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Thank you for your question. I am sorry to hear about your loss. Generally, the will should be witnessed by two (2) disinterested persons. Whether this will is going to be admissible for purposes of holding the estate liable is really a question for a courts to determine. However, given that the estate had none of these items and basically no worth at the time of your husband's passing, whether the will is valid is probably a moot point. Absent showing that you squandered the estate or took fund from the estate to which you were not entitled, she would have a difficult time holding you liable for any monies that she claims is owed.
We had to sell our home after I was laid off from my job as an RN at a local hospital that was down sizing. We rec'd a sum from the sale which I put into a savings account for future purchase of another home. We then moved in with my dad, who was very elderly and has also since passed away. My husband had some mental issues and was planning to move out. He demanded from me a portion of the funds we got from the sale of our home, which I complied with. He put it into an account and made his dad the beneficiary. When my husband died his dad felt that the money should be returned to me as it came from the sale of our home and I was entitled to it. I did not coherse him into giving it back to me. He did this on his own free will. Since all this he has, as well, passed away so is no longer here to verify this information. My husband's daughter saw the transaction of this money coming back to me and now thinks she is entitled to this as well. All the money my husband and I have had, except for the money he had from his settlement, was rec'd from my dad as a living inheritence. Now she thinks she is entitled to more.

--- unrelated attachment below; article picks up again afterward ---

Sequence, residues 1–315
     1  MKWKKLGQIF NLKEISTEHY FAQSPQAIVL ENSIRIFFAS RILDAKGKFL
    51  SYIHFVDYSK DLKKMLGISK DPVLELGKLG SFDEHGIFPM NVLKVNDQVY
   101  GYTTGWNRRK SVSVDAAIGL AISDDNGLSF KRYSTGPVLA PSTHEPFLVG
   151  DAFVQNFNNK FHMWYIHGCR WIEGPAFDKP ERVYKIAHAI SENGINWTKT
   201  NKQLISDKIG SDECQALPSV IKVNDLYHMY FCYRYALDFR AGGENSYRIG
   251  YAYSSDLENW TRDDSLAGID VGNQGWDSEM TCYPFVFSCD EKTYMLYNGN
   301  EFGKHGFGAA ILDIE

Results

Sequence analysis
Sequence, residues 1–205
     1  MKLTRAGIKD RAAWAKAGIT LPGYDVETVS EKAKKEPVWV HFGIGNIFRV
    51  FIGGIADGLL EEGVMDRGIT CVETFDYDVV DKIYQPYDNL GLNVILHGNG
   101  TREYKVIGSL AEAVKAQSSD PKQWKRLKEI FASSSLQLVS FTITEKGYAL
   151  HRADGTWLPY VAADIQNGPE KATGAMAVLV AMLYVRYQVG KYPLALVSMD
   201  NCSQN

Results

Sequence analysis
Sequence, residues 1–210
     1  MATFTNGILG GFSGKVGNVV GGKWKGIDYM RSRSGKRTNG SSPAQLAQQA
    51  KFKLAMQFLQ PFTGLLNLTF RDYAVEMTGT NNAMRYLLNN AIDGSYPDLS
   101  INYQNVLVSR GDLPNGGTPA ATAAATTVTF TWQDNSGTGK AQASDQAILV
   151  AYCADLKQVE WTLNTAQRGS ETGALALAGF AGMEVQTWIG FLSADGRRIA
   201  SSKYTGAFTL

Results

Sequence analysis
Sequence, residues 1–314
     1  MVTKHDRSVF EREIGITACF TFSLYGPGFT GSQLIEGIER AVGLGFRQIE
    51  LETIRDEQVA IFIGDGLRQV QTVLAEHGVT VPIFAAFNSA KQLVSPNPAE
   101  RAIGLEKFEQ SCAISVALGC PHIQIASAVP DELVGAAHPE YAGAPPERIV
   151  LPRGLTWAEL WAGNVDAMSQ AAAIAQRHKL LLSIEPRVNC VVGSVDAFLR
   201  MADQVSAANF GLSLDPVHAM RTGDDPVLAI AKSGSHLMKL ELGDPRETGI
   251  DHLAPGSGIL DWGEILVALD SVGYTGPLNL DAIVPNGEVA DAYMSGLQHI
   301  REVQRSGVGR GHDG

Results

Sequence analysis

First she will need to prove that the will she has is valid, which may be difficult to do if the will does not comport with the legal requirements of California. You may be able to sue the bank records to show that his father was the beneficiary of the bank account. To the extent that his father inherited the money as beneficiary of the bank account and gave you that money, that would technically be a gift from his father to you and not party of the estate.
Can I answer any other question for your or provide any clarification?
Thank you for the information. I think this answers my questions. I appreciate your time to respond to these to help ease my mind. I will be consulting with my attorney face-to- face but just needed some reassurance right now. Again, thank you for the information.
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